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Antisocial and Delinquent Behaviors


This paper is going to deal with the reasons of antisocial and delinquent behaviors. Theories of Social and Self Control discussed by Ronald L. Simons, Lesley Gordon Simons and Laura Ebert Wallace in “Families, Delinquency and Crime: Linking Society’s most Basic Institution to Antisocial Behavior” will be thoroughly considered and contrasted in order to find out which of them explains the antisocial and delinquent behavior of people in a better way. One of the theories under consideration will be compared with the example of a separate person who was chosen as a participant of the project because of his exhibition of antisocial behavior.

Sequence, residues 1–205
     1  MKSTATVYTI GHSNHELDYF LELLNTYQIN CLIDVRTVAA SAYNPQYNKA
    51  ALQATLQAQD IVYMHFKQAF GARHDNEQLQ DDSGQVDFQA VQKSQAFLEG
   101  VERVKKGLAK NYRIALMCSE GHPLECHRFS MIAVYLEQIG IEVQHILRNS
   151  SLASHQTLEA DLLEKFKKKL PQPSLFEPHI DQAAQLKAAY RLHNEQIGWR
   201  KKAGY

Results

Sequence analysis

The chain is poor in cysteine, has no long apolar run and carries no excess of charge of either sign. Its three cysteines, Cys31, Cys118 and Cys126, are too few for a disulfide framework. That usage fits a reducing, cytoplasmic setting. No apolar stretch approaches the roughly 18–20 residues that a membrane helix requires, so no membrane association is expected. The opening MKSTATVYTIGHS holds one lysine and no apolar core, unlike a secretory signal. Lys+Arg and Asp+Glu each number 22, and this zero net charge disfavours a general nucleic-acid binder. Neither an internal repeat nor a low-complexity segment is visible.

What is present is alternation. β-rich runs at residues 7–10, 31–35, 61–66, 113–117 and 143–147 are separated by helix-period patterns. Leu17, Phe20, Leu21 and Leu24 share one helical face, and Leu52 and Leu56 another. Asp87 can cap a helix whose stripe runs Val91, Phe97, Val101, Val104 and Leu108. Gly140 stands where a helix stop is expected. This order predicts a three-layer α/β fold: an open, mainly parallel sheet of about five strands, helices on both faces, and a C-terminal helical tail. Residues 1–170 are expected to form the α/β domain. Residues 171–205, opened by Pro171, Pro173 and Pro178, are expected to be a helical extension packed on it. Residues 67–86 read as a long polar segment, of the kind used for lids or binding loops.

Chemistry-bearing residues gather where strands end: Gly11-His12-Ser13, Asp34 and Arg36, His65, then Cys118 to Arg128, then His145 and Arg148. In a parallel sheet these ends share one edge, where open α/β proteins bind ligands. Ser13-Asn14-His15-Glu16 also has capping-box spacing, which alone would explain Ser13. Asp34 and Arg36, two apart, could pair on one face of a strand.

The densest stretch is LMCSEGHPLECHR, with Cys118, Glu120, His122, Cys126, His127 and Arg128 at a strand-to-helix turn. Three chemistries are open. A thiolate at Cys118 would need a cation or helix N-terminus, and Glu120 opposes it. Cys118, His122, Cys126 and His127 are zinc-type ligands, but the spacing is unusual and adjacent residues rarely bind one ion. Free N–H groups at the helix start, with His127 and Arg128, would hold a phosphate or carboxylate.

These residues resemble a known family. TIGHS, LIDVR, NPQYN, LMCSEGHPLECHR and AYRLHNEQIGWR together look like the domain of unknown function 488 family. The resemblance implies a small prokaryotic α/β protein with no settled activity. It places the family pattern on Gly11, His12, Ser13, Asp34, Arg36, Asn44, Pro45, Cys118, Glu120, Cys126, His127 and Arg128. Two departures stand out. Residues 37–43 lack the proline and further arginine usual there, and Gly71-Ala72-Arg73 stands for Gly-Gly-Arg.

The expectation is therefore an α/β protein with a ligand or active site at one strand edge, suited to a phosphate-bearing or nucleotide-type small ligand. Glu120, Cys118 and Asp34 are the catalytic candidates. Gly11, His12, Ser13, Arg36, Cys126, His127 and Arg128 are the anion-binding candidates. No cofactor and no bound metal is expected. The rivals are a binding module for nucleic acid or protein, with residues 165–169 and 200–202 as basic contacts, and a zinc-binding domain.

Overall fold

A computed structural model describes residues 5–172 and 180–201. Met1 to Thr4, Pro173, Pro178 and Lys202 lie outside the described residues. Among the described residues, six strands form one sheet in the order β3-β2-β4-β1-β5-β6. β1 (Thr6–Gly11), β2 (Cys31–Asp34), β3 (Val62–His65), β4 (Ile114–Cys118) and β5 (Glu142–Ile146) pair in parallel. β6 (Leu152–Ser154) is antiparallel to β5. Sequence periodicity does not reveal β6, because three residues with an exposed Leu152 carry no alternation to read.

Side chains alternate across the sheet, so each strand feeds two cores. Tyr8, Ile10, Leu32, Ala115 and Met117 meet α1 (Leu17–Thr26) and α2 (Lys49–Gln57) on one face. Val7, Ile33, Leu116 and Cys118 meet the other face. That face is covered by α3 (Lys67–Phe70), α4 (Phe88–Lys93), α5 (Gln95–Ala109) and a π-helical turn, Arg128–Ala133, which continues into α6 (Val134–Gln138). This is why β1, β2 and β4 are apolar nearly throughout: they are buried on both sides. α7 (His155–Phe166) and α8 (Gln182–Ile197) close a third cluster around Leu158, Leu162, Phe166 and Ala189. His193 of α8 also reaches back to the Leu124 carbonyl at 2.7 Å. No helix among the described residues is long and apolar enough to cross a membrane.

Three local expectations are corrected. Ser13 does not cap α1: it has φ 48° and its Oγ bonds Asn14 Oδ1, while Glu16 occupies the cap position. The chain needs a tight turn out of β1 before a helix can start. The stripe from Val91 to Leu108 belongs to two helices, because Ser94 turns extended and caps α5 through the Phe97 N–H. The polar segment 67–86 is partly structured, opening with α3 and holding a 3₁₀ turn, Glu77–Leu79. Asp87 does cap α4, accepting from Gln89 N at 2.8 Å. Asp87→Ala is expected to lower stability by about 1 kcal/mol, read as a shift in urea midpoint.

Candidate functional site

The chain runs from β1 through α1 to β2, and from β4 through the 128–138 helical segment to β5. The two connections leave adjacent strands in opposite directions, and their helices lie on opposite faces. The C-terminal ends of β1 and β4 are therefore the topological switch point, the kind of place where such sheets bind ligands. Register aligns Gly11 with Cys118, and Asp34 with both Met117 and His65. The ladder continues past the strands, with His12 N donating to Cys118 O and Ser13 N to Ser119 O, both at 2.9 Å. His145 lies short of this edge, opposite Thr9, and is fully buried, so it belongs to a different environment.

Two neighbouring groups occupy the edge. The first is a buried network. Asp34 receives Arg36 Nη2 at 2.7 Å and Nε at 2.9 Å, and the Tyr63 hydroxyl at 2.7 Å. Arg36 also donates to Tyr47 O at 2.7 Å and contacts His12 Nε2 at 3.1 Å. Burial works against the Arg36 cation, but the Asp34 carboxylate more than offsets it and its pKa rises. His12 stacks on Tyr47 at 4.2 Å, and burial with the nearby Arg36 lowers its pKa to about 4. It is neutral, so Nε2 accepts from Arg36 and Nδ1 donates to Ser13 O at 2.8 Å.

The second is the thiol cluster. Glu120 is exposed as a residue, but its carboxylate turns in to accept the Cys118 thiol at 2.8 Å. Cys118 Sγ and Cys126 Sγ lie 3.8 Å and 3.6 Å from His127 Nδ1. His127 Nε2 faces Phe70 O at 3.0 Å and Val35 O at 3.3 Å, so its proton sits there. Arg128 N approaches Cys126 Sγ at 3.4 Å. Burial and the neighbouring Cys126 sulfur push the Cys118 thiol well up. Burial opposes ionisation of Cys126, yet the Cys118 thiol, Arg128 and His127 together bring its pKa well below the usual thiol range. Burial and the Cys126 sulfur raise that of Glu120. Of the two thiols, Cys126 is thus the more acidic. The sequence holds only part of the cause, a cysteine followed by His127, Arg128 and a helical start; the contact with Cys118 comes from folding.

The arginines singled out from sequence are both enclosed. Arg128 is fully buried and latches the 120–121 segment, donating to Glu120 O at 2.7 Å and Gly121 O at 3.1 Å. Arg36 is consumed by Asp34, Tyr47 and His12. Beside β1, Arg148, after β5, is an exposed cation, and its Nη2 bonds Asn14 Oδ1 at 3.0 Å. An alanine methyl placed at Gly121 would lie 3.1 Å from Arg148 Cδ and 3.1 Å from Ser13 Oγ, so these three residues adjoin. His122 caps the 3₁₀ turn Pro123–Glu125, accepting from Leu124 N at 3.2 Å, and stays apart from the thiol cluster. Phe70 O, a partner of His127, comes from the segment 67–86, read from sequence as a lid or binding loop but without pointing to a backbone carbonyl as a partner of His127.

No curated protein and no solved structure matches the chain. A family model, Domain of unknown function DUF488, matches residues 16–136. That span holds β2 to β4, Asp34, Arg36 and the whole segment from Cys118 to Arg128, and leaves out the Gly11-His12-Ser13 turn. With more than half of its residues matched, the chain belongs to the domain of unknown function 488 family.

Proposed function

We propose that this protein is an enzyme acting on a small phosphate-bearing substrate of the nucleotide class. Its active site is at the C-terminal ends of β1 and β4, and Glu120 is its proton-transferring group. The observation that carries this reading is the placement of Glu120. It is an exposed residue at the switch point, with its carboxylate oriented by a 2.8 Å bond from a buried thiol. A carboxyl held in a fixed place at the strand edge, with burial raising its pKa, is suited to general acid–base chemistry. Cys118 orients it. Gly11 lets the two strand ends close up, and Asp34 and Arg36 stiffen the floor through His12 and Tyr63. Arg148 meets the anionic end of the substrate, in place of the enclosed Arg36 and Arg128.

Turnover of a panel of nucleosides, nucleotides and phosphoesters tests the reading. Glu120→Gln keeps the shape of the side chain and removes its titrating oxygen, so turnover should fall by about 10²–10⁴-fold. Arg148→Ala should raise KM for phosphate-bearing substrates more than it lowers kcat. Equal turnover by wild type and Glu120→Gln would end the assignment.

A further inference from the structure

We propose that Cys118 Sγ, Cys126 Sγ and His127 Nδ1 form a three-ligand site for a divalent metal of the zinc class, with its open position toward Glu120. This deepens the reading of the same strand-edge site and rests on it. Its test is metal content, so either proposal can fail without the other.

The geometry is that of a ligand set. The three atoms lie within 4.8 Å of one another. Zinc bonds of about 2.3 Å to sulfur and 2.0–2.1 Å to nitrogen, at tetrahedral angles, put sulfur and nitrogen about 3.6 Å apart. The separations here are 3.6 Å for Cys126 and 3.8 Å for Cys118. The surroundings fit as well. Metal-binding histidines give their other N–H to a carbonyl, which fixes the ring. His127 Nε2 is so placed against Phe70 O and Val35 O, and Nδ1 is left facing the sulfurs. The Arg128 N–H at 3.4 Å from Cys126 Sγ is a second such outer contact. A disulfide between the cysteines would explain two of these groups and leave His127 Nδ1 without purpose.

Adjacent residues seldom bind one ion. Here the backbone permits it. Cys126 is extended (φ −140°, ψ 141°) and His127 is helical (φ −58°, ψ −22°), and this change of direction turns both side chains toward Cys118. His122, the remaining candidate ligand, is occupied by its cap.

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A person who lives in a society and interacts with other members of it should follow certain rules of behavior established by the society itself and consisting of a certain set of norms and standards. However not all the members of society prove to observe the established rules exhibiting antisocial behavior, which is associated with criminality and delinquency. Antisocial behavior is any act that violates the rules and laws of society – an act that is illegal, no matter what age of the perpetrator (Connor & Barkley, 2004, p. 7). It includes different types of crimes starting from the minor ones such as assault, robbery, theft, burglary and ending with the most serious ones, for instance, kidnapping and homicide, as well as such “behaviors as diverse lying, disobedience, truancy, running away, drug use, setting fires, vandalism” (Henggeler, Schoenwald & Borduin, 1994, p. 4). Criminality and delinquency can be treated as a subgroup of antisocial behavior with criminality as a rule referring to the offences committed by adults and delinquency dealing with illegal acts committed by a minor. Some scientists keep to the point that antisocial behavior of children and adolescents depends directly on socio-economic status of their family whereas others state that there exist other reasons underlying such behavior. There is a necessity to find out and explain possible reasons of antisocial behavior considering the example of a separate individual and to contrast the obtained information with the existing theories of antisocial behavior.